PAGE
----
‘Denial of Reality of the Greatest Order’ - New Book Links Transgenderism to ‘Abyss’ of Nazis

Mark Judge | May 9, 2017
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According to a new book, the modern transgender phenomenon and its defenders share a similar mentality to that which produced Nazi Germany.

In her volume, “Past and Present: The Challenges of Modernity from the Pre-Victorians to the Postmodernists,”  Gertrude Himmelfarb, professor emeritus at the Graduate School of the City University of New York, argues that both transgenderism and fascism involve a denial of truth and reality.

Himmelfarb, whose son is conservative commentator William Kristol, cites the example of Paul de Man (1919-1983).

De Man was a Yale academic who taught “deconstructionism.” As Himmelfarb notes, deconstructionism “denies any correspondence between language and reality, of any proximate truth about reality, indeed, of any essential reality.” 

The New York Times described de Man’s theory this way: “Language and literature can never be put in the service of truth because it is impossible to define what the truth is; or, as [Yale literary theorist] Geoffrey Hartman puts it, ‘One can never be sure of anything.’”

After his death it was revealed that de Man wrote anti-Semitic articles for a pro-Nazi Belgian newspaper during the Second World War.  Himmlefard argues that de Man’s belief that there is no absolute truth made it easy for him to support “the abyss of the Holocaust.”

Himmlefarb then compares the deconstruction of language de Man championed to the abuse of language, and literal deconstruction of the body, evident in transgenderism - and specifically “the Caitlyn Jenner affair”:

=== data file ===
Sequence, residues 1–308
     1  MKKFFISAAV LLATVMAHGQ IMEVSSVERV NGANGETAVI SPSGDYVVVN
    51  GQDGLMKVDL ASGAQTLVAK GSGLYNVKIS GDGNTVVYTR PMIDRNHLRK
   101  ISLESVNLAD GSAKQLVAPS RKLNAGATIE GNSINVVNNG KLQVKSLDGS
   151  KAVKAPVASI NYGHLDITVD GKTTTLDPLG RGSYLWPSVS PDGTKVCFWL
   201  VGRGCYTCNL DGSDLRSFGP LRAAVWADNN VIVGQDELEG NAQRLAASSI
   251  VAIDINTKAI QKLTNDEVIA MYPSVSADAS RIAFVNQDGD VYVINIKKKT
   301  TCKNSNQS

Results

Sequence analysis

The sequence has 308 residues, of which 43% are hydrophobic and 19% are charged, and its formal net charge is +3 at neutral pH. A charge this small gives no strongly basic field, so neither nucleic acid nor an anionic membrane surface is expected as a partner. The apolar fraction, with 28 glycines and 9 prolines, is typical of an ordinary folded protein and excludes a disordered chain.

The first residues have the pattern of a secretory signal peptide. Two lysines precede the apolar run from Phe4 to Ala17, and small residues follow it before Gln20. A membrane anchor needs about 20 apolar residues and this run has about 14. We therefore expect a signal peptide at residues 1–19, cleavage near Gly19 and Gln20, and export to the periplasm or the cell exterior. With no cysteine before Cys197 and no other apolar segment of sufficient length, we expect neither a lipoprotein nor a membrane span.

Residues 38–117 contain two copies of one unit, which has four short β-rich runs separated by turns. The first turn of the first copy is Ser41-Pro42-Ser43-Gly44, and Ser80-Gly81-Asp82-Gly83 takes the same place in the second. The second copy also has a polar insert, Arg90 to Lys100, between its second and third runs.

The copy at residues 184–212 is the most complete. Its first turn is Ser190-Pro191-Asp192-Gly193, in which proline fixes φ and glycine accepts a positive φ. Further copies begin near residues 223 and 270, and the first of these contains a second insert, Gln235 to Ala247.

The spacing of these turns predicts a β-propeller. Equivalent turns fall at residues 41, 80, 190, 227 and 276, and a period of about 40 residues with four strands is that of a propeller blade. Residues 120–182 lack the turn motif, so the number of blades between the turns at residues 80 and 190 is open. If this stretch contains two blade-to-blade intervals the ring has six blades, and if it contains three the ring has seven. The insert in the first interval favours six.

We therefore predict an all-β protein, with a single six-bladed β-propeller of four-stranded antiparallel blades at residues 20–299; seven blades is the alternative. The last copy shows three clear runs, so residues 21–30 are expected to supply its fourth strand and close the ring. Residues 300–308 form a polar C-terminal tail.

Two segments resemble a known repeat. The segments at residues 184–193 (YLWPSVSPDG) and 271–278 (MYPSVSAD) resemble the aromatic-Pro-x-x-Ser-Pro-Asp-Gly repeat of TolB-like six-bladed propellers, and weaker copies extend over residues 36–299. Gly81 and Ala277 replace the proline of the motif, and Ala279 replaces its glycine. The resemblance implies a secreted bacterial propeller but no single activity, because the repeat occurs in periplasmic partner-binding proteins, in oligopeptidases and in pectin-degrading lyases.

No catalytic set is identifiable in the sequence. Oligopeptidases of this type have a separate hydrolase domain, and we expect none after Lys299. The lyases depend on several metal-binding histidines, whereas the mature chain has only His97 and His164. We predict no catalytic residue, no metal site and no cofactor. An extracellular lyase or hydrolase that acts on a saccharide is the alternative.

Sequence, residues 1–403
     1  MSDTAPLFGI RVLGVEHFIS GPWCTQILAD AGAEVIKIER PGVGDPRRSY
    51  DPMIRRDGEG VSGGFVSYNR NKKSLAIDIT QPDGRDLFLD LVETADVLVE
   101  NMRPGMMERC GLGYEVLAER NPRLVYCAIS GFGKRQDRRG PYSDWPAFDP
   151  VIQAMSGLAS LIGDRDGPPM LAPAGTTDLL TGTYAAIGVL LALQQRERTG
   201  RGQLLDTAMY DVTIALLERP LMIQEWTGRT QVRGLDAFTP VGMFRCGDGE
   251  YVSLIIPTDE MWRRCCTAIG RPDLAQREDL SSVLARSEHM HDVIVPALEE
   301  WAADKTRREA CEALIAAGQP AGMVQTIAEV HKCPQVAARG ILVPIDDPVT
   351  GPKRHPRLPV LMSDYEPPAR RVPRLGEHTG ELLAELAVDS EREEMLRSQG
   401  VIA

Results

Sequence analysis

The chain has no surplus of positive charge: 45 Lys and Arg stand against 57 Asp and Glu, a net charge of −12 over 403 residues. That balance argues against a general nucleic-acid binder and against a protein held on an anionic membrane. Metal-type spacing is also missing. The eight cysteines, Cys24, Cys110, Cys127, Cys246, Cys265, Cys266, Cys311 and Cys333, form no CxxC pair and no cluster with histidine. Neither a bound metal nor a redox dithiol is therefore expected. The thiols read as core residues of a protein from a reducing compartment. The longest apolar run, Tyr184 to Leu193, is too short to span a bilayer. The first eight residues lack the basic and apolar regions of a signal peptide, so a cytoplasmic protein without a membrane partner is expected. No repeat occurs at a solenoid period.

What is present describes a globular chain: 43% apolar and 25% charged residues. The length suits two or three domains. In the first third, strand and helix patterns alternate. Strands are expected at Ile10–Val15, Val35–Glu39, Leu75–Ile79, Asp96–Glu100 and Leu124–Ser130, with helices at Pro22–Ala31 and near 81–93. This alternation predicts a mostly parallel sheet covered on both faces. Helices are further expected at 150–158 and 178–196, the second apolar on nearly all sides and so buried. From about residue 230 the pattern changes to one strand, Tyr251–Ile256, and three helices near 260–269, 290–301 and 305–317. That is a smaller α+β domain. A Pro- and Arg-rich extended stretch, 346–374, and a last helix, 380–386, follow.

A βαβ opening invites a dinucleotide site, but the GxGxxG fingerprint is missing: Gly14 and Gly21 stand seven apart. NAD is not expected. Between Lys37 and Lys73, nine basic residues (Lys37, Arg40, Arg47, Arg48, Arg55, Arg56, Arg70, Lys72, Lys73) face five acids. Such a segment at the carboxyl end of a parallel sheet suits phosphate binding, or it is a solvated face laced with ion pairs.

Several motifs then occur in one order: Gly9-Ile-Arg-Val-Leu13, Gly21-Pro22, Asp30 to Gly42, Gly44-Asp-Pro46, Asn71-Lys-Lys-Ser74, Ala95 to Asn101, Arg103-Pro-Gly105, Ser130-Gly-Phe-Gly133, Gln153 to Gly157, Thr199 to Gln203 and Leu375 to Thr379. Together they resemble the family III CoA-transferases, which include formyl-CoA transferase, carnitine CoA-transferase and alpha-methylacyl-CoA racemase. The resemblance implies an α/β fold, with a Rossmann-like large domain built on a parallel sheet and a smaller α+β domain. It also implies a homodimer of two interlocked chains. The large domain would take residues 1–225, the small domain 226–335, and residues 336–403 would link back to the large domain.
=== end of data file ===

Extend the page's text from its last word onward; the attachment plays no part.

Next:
The transgenderist would protest that it was not a denial but precisely an affirmation of reality that was being sought, a sexual reality that had been obscured or belied by the accident of birth. To which a skeptic might reply that reality, once deconstructed, is not so easily reconstructed. The fact that transgenderism requires for its completion not only hormonal treatment but nothing less than genital surgery may induce serious second thoughts. The removal—the deconstruction, so to speak—of the very organs that define gender and enable the reproductivity that is of the essence of gender is surely a denial of reality of the greatest order….​

If postmodernism is no longer the modish term it once was, it is because its spirit has been so integrated in the culture that it no longer needs affirming or controverting. One can only hope that it won’t require a new abyss, a new de Man, to transcend transgenderism.

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